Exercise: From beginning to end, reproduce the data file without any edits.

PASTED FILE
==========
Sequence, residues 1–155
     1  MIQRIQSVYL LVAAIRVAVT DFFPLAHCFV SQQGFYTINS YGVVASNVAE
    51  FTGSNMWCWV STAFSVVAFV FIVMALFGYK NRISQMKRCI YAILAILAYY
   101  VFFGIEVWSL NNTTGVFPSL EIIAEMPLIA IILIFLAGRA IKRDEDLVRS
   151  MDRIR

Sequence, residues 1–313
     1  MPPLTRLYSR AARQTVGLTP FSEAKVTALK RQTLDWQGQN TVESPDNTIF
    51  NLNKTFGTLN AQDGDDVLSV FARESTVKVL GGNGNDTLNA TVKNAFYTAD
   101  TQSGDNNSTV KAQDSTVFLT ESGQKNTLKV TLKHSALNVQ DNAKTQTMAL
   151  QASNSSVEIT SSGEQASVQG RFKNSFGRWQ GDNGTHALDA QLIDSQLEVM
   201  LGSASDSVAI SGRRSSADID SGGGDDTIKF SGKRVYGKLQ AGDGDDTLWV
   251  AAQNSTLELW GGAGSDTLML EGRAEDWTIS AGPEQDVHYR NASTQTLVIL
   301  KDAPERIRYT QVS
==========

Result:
Sequence, residues 1–155
     1  MIQRIQSVYL LVAAIRVAVT DFFPLAHCFV SQQGFYTINS YGVVASNVAE
    51  FTGSNMWCWV STAFSVVAFV FIVMALFGYK NRISQMKRCI YAILAILAYY
   101  VFFGIEVWSL NNTTGVFPSL EIIAEMPLIA IILIFLAGRA IKRDEDLVRS
   151  MDRIR

Sequence, residues 1–313
     1  MPPLTRLYSR AARQTVGLTP FSEAKVTALK RQTLDWQGQN TVESPDNTIF
    51  NLNKTFGTLN AQDGDDVLSV FARESTVKVL GGNGNDTLNA TVKNAFYTAD
   101  TQSGDNNSTV KAQDSTVFLT ESGQKNTLKV TLKHSALNVQ DNAKTQTMAL
   151  QASNSSVEIT SSGEQASVQG RFKNSFGRWQ GDNGTHALDA QLIDSQLEVM
   201  LGSASDSVAI SGRRSSADID SGGGDDTIKF SGKRVYGKLQ AGDGDDTLWV
   251  AAQNSTLELW GGAGSDTLML EGRAEDWTIS AGPEQDVHYR NASTQTLVIL
   301  KDAPERIRYT QVS